You can set up a Property Search and sign up for Alerts on our website >

If you are working with an ethical Agent, he/she can’t/won’t show you homes that you have already seen with another agent (there are exceptions to this rule, such as seeing a home at an Open House if you do not have a Buyer Agency agreement, but discuss this scenario with a reputable agent first).

RELATED: How To Find The Right Buyer’s Agent

To put it simply: If you see some homes with an agent that does not suit your needs or personality type, you may, in certain circumstances, be limited to working with that agent if you want to purchase a home that you have seen together, regardless of whether you want to work with that agent or not.

Be Realistic

If you have been pre-approved for a $250,000.00 loan limit, don’t expect your agent to show you homes priced at $300,000.00.

FREE DOWNLOAD: How Much Home Can I Afford?

Know and respect your limits.  And check out the Patrick Parker Realty Affordability Calculator.

Watch Your Spending

Now, more than ever, if you have a property purchase in mind, keep your spending and credit in mind. DO NOT open store accounts, even if you are offered 10% off your purchase at the register – these will be new accounts on your credit records. DO NOT start purchasing furniture – no matter how much of a bargain it may be at the time, if you have to finance the purchase. DO NOT purchase a new car (even if you work for a motor corporation and have the option of purchasing one every year. Watch your credit card balances, don’t charge more than 35% of your credit limit at any time, and pay off in full every month (words of wisdom for your lifetime).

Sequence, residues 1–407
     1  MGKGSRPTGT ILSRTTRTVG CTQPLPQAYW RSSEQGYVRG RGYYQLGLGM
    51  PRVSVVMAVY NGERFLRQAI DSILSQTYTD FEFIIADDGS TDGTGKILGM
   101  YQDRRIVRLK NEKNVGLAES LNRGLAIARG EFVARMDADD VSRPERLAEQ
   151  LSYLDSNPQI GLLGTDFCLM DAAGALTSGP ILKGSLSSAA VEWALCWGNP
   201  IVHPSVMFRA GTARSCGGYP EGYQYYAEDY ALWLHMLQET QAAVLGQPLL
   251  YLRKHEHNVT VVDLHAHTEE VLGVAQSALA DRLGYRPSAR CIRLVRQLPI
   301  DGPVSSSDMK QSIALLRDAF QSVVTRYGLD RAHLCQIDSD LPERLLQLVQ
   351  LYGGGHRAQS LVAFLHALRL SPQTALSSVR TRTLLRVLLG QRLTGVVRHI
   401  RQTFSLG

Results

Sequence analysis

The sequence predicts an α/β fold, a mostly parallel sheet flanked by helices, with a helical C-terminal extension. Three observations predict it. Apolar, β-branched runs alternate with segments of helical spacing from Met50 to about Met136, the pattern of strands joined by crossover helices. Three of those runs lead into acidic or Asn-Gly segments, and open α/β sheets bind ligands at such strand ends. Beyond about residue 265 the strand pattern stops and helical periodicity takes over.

Odds and Ends

Often, with a rent payment, you aren’t used to budgeting for things like specific utilities. Have you researched the cost of ALL utilities, as well as homeowners insurance and taxes, on your purchase? Discuss these items with your lender and your agent.

Enjoy Yourself, But Be Serious

This is a VERY exciting time in your lives. Be serious about your search. Narrow your search to realistic properties, discuss your choices with your agent, and try to allow for serious showing time. If you can carve out a niche where you can tour while you have a babysitter (if needed) or leave mom and dad at home (THEY are NOT the buyers), all the better.

RELATED: Top 10 Questions to Ask During an Open House

If you want Mom, Dad, the kids and even the dog at the SECOND showing – that’s okay. At least you’ve narrowed down your choices by that time.

Couples buying their first home have the luxury of knowing that this will be one of the most exciting events of their lives. It will be exciting, memorable and probably a bit stressful, but ultimately REWARDING.

Your Turn

Are you and your significant other about to venture out on a first-time home buying journey? What challenges are you facing? Did you and your significant other just buy your first home? What advice do you have to offer based on your experience?